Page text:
When students are done eating, Teacher asks each student to throw away the trash and return to their seats to pay attention to the next portion of the lesson.
To introduce past tense forms of the verb “To Eat”:
Teacher pauses in front of the room looks at all the students who have returned to their seats from throwing away their trash.
Teacher writes the following L2 phrase on the board:
“I ate ______.”
Teacher walks to Rontrell and says, “What did you eat? Did you eat Cinnamon Toast Crunch or did you eat Cheerios?” (If Rontrell answers with an incomplete sentence, Teacher points to the board to imply that he should answer completely using the sentence written on the board. If Rontrell has trouble, Teacher uses the Two-Hand Method to help him succeed.)
Teacher walks to Isabella and says, “Isabella, what did you eat? Did you eat Cinnamon Toast Crunch or did you eat Cheerios?” Teacher waits for Isabella’s answer and accepts it if/when it’s a complete L2 sentence.
Teacher continues like this until all cereal-eating students have been asked (and have answered) the target question, “What did you eat?”
Teacher introduces and practices the 3rd person form of the past tense verb by doing the following:
Teacher walks to the board and tries to write down who ate which cereals. Teacher will purposefully get confused and write some wrong answers. She uses this strategy to motivate students to use L2. Students will think it’s funny and fun to see Teacher’s mistakes and correct them. At the same time they will be having to learn and use the correct 3rd person form of a past tense L2 verb.
Teacher goes to the board and begins to write the list:
Rontrell ate Cheerios.
William ate Cheerios. (side note: incorrect)
Students start interrupting and saying, “No, no, no!” because William didn’t eat Cheerios. Isabella ate Cheerios.
Noticing that the students are correcting her, Teacher turns around from her writing and says, “William didn’t eat Cheerios? Are you sure? William didn’t eat Cheerios?” Teacher uses the Two-Hand Method to help the students say, “No! William did not eat Cheerios.” Teacher pretends like she understands now and says, “Okay. Rontrell ate Cheerios but William did NOT eat Cheerios. Right?”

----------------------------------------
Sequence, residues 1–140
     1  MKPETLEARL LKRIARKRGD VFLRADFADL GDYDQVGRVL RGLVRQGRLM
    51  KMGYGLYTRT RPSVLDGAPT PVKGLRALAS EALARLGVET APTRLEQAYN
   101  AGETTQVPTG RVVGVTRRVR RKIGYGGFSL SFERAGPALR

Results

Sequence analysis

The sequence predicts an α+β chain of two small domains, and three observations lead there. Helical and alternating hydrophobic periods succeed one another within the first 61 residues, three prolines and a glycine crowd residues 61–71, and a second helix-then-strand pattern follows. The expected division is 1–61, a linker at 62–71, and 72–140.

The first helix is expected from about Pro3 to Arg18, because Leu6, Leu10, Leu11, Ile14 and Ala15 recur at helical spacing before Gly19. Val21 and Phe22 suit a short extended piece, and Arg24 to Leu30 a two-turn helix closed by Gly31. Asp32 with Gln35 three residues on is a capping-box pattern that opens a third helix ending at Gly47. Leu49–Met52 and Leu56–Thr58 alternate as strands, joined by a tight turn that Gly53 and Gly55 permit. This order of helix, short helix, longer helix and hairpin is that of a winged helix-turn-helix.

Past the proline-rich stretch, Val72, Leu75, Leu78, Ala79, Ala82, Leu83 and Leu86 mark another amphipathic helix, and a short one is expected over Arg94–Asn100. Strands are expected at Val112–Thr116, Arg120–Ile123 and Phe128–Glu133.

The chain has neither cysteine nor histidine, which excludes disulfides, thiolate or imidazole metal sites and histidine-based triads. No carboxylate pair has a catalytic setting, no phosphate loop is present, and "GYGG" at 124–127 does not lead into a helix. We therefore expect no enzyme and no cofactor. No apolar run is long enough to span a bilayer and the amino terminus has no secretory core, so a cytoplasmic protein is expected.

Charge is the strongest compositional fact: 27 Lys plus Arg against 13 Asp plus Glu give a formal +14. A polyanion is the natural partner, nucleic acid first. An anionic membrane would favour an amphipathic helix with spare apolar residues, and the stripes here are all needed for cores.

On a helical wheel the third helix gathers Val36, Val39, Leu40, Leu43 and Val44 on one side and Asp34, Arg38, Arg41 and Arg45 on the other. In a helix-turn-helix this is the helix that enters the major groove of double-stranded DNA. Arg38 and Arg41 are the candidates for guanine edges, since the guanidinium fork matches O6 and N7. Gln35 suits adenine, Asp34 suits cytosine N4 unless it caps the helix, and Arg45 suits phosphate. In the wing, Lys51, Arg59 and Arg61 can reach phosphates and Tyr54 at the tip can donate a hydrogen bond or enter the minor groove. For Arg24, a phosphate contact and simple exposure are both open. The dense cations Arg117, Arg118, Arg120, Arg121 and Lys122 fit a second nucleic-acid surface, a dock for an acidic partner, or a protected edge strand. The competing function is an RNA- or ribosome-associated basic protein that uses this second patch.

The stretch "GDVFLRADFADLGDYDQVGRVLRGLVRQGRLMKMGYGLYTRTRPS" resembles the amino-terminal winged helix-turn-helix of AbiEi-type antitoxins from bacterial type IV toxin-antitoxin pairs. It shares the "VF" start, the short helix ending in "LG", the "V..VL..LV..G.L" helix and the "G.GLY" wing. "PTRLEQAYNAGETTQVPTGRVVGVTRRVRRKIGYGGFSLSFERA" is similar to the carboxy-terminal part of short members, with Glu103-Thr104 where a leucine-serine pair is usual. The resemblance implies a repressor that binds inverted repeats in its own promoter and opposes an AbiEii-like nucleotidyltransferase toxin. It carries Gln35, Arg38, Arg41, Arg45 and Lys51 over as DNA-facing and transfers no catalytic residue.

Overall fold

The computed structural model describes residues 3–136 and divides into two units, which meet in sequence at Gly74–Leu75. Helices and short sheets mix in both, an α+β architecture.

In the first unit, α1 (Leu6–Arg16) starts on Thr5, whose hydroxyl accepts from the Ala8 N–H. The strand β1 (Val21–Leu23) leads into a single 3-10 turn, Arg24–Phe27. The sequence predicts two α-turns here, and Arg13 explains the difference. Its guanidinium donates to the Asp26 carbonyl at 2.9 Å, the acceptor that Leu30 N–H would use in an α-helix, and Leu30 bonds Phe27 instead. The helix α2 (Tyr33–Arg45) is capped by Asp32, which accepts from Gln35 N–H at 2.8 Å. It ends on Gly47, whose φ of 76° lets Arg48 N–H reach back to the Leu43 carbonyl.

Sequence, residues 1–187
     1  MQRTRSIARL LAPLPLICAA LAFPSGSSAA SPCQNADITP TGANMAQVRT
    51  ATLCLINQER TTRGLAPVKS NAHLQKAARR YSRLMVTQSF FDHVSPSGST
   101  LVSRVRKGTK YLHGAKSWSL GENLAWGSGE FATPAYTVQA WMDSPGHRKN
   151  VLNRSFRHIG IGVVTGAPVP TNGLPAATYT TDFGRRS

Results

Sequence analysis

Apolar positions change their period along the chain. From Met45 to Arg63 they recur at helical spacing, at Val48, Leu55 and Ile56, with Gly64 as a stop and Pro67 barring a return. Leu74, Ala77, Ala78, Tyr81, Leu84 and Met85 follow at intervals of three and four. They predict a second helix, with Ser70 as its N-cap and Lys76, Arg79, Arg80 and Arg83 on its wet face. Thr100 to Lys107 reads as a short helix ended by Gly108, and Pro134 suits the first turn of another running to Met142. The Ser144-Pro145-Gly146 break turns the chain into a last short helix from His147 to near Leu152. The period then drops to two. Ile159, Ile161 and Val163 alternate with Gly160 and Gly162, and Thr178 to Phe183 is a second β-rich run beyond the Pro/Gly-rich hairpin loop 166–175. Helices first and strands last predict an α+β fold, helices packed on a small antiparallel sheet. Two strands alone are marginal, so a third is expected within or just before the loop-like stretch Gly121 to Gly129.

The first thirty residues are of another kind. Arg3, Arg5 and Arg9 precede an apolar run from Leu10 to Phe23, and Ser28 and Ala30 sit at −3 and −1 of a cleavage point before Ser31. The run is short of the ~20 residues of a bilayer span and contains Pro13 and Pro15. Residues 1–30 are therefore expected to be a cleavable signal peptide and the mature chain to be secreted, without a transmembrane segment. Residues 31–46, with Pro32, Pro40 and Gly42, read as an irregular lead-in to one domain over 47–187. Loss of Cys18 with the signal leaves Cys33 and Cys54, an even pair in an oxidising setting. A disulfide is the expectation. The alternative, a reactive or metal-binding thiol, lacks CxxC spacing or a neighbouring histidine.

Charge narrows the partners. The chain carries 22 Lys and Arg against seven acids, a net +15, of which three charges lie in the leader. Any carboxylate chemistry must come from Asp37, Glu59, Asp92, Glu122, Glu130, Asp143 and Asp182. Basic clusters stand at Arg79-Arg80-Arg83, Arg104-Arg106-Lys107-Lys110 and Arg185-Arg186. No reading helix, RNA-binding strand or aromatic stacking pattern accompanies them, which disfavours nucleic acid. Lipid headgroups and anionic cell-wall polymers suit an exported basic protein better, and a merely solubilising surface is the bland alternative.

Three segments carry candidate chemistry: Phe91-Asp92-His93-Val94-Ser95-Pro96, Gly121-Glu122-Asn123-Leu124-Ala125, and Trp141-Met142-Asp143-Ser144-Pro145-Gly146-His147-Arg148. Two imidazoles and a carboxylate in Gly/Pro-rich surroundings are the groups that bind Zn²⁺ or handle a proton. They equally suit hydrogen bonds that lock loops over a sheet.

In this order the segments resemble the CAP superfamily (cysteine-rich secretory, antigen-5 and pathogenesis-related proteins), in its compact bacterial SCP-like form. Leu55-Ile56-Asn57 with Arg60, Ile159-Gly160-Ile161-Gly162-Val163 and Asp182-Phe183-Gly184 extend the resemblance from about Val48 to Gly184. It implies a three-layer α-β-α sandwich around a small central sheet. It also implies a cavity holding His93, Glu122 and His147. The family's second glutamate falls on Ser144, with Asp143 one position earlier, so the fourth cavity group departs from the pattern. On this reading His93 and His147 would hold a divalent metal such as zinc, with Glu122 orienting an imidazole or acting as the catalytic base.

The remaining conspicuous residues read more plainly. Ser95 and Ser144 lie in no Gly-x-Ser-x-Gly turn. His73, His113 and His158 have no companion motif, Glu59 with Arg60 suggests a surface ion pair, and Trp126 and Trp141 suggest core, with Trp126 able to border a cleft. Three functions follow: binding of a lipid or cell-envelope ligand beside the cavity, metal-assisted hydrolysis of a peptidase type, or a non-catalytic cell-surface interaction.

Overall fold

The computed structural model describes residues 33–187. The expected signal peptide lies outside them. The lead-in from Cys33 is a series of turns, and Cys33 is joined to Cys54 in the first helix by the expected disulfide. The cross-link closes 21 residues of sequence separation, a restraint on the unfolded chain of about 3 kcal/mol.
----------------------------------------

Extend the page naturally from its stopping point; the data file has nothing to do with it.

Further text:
Teacher picks a confident student and asks him, “Rontrell ate Cheerios…and…who else? Aidan ate Cheerios? Rachel ate Cheerios? Who? Who else ate Cheerios?” Teacher uses the Two-Hand Method to help the confident student answer, “Rontrell ate Cheerios and Isabella ate Cheerios.”
Teacher thanks the student for the correct contribution and makes the necessary changes to what’s written on the board.
Teacher continues the activity in this fashion until there is a complete and correct list of student names on the board next to the correct cereal variety that they ate.
REFLECT: What did the students experience during this activity?
- Students repeatedly heard, read and said different forms of the past tense verb for “to eat”.
- Students used the interpersonal mode to help Teacher compile relevant information.
- The teacher stayed in the target language.
- The students realized that they could not only survive in an L2-immersion environment but that it can be fun.
- The students reviewed present tense and future tense forms of the verb “to eat”.
Have you tried out any of these grammar teaching suggestions from Tuesday’s Tips for Staying in the Target Language? How did it go? Leave comments below.
Stay tuned to over the next weeks for more blog posts on teaching grammar while staying in the target language.
Your voice is valuable! Share your target language teaching experiences!
Part 5 – Step-By-Step Guide for Teaching Grammar In The Target Language: Teaching Past Tense of “To Eat”